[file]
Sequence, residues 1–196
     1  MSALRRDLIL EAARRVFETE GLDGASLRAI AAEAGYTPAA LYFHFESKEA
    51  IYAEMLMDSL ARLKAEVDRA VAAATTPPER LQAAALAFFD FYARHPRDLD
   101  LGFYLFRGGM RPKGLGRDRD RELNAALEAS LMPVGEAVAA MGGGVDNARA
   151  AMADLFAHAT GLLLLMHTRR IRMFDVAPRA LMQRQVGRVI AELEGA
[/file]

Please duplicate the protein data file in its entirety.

Sequence, residues 1–196
     1  MSALRRDLIL EAARRVFETE GLDGASLRAI AAEAGYTPAA LYFHFESKEA
    51  IYAEMLMDSL ARLKAEVDRA VAAATTPPER LQAAALAFFD FYARHPRDLD
   101  LGFYLFRGGM RPKGLGRDRD RELNAALEAS LMPVGEAVAA MGGGVDNARA
   151  AMADLFAHAT GLLLLMHTRR IRMFDVAPRA LMQRQVGRVI AELEGA